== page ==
BBC Africa Eye: Nancy Kacungira revisits the story of three domestic workers striving for change

Source: BBC Africa Eye

Nancy Kacungira Credit: BBC Africa

In 2019, BBC Africa Eye reported on the journey of three young women – Scovia, Mercy and Esther – who left Uganda to find jobs as domestic workers in Kenya. Commonly referred to as ‘housegirls’, the documentary followed their journeys which illustrated the mistreatment and abuse faced by many domestic workers.

Three years later, in What Happened to the ‘Housegirls’? , BBC reporter Nancy Kacungira, revisits Uganda to find out how the lives of these three young women have changed and whether their hopes and dreams became a reality.

The documentary first features the story of Scovia, who in 2019 left Uganda for employment opportunities in Kenya to raise money for her education and to financially support her grandmother. Since then, she has given birth and returned to school. She told BBC Africa Eye: “My grandma advised me when I gave birth that I should go back to school.” Now Scovia dreams of being a lawyer: “In our community, men mistreat their wives. So when I become a lawyer maybe I can protect them from that.”

BBC Africa Eye also spoke with Esther, who in 2019 informed Nancy Kacungira about the mistreatment she faced in Kenya as a domestic worker. Also pregnant with her first child, Esther shared her determination to start her own fashion boutique. She said: “When I left Nairobi, I came here and started selling clothes for the business, the business was going well… But my father got ill, and I began to use my money to pay for his medicines. When Covid-19 happened, we had to operate shorter hours. So things went bad.” Yet, despite the challenges, Esther said: “I have a dream that when I restore my business, all shall be well.”

The documentary also highlights the story of Mercy, another domestic worker who in the first film, took her employers to court accusing them of cruelty. Despite losing the case, she told BBC Africa Eye she is thriving and working towards her goals as a chef. She said: “Right now I am very happy…I was doing that [domestic work] to get the money to go back to school to do the course I wanted… I wanted to do catering.”

What Happened to the ‘Housegirls’?, highlights the challenges around teenage pregnancy, which has resulted in many young girls not being able to complete their education.

BBC Africa Eye spoke with Simon Ogwang, who runs a charity centre which trains teenage mothers to become seamstresses. He said: “These girls are unable to continue with their education, so we give them specialised design skills to compete.” Simon revealed that there was an increase in teenage pregnancies during the pandemic. He said: “During the pandemic period, we witnessed a lot of teenage pregnancy. When they closed down their schools and these girls stayed out…you know the girls are vulnerable and some of them are at risk.”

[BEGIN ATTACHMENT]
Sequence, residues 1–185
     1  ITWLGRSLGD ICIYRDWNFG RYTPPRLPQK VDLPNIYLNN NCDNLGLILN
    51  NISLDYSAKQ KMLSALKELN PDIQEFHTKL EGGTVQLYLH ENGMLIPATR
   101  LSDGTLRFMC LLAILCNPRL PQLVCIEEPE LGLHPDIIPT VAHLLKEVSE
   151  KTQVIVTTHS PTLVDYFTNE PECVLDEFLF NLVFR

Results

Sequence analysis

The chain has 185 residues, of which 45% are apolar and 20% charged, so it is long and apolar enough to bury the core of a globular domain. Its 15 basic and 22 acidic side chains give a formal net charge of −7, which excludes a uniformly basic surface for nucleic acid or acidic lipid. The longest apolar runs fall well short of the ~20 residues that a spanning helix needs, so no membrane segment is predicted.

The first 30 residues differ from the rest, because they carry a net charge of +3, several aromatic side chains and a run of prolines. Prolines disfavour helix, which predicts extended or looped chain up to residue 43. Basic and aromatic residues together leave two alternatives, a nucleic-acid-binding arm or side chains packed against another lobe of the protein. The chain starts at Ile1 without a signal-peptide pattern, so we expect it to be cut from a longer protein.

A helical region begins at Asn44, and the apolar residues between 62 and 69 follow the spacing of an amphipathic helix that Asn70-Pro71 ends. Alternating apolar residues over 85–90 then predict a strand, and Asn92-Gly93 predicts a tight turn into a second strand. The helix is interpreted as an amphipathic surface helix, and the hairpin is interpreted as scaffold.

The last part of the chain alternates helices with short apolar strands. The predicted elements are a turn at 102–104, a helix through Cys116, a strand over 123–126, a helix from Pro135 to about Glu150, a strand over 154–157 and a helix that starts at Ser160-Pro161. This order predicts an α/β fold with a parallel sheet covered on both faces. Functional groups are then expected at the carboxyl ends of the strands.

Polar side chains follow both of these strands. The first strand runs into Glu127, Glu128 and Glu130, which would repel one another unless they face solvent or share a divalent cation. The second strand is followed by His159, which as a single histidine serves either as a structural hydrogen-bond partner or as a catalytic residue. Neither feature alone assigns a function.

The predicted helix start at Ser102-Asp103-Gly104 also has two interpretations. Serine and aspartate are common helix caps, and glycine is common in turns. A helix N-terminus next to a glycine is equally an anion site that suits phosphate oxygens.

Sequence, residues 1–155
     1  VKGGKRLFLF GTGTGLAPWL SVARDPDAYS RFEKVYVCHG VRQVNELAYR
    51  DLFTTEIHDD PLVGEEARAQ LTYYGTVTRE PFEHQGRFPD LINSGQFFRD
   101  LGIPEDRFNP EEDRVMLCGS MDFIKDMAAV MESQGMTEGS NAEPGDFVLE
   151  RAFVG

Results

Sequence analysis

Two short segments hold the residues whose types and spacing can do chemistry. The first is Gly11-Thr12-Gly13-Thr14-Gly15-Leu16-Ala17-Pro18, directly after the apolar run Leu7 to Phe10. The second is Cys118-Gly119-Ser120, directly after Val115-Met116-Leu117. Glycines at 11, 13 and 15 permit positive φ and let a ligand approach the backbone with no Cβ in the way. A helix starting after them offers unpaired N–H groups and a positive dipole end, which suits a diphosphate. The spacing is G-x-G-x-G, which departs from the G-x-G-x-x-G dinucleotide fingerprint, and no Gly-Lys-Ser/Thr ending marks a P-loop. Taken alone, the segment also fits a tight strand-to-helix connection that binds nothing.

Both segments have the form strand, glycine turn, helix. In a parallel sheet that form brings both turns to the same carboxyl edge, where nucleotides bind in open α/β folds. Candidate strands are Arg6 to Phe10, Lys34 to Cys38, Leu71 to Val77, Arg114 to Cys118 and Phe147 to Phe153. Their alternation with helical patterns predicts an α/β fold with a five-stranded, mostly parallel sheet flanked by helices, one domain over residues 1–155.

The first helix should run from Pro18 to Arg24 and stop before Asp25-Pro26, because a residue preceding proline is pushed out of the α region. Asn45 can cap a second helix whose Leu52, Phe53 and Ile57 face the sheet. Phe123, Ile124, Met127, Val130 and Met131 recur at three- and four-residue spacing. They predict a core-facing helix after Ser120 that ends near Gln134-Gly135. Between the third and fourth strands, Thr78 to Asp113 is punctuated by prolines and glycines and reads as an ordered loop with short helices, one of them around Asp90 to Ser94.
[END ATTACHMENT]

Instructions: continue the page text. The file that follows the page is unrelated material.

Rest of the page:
Nancy Kacungira spoke with some of the girls enrolled at the centre to understand the stigma they face. One 18-year old girl told BBC Africa Eye: “People abuse me. They tell me that I am a disappointment, and I am very stupid… There are some words that cause bitterness in the heart.” However, reflecting on her experience at the centre she said: “By bringing me here, it has helped.”

BBC Africa Eye also spoke with Edith Murogo, the woman who helped Scovia, Mercy and Esther escape from domestic work, through her organisation, Centre for Domestic Training and Development. She revealed the impact the original documentary had on the organisation and other domestic workers. She said: “We have seen more referrals and our programme has grown. We got global visibility from the documentary and received more calls from people.” Reflecting on the progress of Scovia, Esther and Mercy she added: “I am really happy that each one of them are more focused and have a plan for their lives. That is what drives my passion.”

BBC Africa YouTube channel below

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About Cholo Brooks 13046 Articles
Joel Cholo Brooks is a Liberian journalist who previously worked for several international news outlets including the BBC African Service. He is the CEO of the Global News Network which publishes two local weeklies, The Star and The GNN-Liberia Newspapers. He is a member of the Press Union Of Liberia (PUL) since 1986, and several other international organizations of journalists, and is currently contributing to the South Africa Broadcasting Corporation as Liberia Correspondent.

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